Have you tried Koolstop pads? I don't know how they handle that situation, but they're great for everything else.
Might have to install another brake. The heat on each should be half what the front alone sees, I suppose.

Have not tried Koolstop regular pads. Might have to.
 

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n00bsauce
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The pads don't dissipate heat, the rims do that. Deep dish rims would probably be better at dissipating heat because of more mass and larger surface area. Choose brake pads for their ability to continue to provide stopping power when the rim is hot. If some pads ball up and melt they are not good but at the same time harder compounds may not give adequate stopping power. Have to find a balance. As others have said, get a rear brake. Mountain descents on a fixed gear are no place to be concerned about your manliness.
 

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Exactly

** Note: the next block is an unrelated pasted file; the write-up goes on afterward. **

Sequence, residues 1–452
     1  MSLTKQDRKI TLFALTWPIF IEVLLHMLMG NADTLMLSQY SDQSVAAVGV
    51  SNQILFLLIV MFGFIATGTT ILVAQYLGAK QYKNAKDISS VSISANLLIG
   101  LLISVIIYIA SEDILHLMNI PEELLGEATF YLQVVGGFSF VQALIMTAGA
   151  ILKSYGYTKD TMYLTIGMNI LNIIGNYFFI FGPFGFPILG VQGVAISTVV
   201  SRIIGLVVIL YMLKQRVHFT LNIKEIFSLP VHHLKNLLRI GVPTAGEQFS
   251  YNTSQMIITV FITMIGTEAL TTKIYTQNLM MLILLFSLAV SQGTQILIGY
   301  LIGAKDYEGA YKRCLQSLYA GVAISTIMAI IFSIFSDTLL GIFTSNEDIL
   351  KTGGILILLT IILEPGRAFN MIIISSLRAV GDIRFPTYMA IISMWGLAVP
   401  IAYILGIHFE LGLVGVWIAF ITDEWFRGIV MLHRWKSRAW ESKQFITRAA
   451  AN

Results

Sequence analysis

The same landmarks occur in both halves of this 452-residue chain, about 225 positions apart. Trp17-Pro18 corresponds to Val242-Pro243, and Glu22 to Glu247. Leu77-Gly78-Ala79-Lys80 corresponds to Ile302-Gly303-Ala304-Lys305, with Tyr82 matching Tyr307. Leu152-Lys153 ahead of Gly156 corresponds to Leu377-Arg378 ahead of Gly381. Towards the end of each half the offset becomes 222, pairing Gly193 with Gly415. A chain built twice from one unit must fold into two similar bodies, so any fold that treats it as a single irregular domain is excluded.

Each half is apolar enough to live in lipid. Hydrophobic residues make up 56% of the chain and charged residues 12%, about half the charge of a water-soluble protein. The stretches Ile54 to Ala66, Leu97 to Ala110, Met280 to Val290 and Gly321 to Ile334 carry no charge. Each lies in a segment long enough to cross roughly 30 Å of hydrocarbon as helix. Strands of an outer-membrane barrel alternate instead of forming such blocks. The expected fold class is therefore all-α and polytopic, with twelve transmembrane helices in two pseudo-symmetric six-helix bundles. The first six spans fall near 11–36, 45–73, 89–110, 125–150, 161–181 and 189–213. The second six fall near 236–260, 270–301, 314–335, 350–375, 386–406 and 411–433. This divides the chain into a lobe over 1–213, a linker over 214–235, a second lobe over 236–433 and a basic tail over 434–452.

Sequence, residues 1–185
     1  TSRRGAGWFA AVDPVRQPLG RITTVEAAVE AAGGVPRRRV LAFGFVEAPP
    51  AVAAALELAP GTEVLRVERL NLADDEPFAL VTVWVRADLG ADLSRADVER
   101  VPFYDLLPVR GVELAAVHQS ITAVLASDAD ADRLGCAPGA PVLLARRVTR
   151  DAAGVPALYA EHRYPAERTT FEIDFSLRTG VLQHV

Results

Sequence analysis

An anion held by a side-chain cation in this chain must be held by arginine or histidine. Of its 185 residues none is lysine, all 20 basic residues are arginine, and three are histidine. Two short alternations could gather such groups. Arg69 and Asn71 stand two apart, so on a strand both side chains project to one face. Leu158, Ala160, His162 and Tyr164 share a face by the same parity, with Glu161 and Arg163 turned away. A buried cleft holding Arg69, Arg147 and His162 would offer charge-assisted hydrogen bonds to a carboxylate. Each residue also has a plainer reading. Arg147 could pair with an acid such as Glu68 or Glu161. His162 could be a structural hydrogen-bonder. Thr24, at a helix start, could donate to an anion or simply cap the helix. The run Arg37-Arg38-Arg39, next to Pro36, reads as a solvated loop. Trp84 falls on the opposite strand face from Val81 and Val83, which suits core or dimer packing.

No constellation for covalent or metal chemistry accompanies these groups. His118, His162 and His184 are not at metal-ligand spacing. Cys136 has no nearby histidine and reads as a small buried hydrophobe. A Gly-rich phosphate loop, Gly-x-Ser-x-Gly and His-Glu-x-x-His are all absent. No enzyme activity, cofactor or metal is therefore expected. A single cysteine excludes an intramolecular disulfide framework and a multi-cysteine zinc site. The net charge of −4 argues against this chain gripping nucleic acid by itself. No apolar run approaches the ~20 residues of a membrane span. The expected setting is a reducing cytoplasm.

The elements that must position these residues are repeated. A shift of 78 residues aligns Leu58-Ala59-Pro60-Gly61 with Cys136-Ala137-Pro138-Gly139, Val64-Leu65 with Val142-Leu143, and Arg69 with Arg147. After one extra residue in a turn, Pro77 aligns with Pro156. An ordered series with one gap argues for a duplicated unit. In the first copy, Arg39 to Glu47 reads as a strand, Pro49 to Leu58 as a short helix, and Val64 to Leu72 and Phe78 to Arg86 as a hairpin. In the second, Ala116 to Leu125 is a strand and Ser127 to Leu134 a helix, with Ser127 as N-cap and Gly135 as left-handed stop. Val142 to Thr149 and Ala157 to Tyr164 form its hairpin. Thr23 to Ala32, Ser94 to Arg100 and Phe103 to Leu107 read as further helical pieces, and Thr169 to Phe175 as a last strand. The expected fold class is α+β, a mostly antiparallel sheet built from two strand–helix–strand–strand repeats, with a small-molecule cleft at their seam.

Fixed said:
Might have to install another brake. The heat on each should be half what the front alone sees, I suppose..
And for some situations (e.g., wet or otherwise slippery surfaces, where a front-wheel skid can drop you before you know it) it's nice to have a rear brake do most of the work.
 

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n00bsauce
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Harder but shorter stabs on the brake are better than constant easy braking for heat build up but that's not always possible on a fixie. Harder pads hold up better to heat but don't provide as much stopping power. With two brakes and harder pads you should be fine. Even with two brakes the front one still does most of the braking and will get hotter. In the Kool Stop line the black or the z-chromium pads should do the trick.
 

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Mel Erickson said:
The pads don't dissipate heat, the rims do that. Deep dish rims would probably be better at dissipating heat because of more mass and larger surface area. Choose brake pads for their ability to continue to provide stopping power when the rim is hot. If some pads ball up and melt they are not good but at the same time harder compounds may not give adequate stopping power. Have to find a balance.
This sounds right to me. A longer pad, like a v-brake pad, might be subject to less heat per unit area, but the rims should be just as hot as with any other pad. Many tandem rider on CycleOregon rides like to have a rear drum brake, in addition to calipers, as a drag during long descents.